A sharp Maryland personal injury lawyer will recognize the importance of venue, recognize the best venue for his client, and file the lawsuit in the best venue for his client. The hard part is often keeping the case in the plaintiff’s venue of choice. Often times a good defense attorney will ask the Judge to move the case to a different venue or court because of inconvenience to the witnesses. This is called a motion for forum non conveniens. I recently had a case involving the wrongful death of a minor which occurred in Carroll County, Maryland. Venue was also proper in Baltimore City because one of several defendants conducted business in Baltimore City. I filled suit in Baltimore City and the defense attorney immediately moved to transfer the case to Carroll County arguing that the trial in Baltimore City would be inconvenient to the witnesses. We won and the value of our lawsuit rose dramatically, even though the facts of the case had not changed.
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When representing a client who my have a potential claim for personal injury against the State of Maryland, Maryland personal Injury lawyers must place the state on proper notice within six months of the incident. Failure to do so could bar any recovery under Maryland law.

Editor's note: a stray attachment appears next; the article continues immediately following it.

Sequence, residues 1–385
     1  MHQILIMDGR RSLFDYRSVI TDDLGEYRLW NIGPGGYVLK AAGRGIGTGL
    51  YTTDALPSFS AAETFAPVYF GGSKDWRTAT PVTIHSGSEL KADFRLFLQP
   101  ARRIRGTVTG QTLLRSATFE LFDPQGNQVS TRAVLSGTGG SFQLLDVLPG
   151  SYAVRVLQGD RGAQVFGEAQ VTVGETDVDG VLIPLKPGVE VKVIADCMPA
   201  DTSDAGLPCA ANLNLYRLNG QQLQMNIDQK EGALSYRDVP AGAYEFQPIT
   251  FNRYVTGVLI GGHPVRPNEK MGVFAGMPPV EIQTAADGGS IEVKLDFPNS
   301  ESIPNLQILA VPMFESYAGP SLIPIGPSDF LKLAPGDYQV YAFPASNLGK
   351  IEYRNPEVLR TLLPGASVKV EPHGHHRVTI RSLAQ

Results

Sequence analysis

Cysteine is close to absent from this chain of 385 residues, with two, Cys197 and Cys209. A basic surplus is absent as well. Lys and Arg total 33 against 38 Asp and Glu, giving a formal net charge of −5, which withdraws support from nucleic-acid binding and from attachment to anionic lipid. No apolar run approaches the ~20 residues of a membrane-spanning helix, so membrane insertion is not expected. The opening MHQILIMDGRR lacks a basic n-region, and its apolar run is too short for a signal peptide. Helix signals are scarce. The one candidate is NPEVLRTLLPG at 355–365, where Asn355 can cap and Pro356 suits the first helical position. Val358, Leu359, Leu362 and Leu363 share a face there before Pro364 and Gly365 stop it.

Although the doctrine of sovereign immunity generally precludes an action for damages against the State of Maryland, its agencies, or officials, the Maryland Tort Claims Act (MTCA) provides for waiver of that immunity in cases of “tortuous acts or omissions committed within the scope of the public duties of state personnel, and committed without malice or gross negligence.”

The MTCA requires that the injured individual “may not institute an action . . . unless: (1) the claimant submits a written claim to the Treasurer or a designee of the Treasurer within 1 year after the injury to the person . . . ; (2) the Treasurer or designee denies the claim finally; and (3) the action is filed within 3 years after the cause of action arises.” MD. CODE ANN., STATE GOV’T § 12-102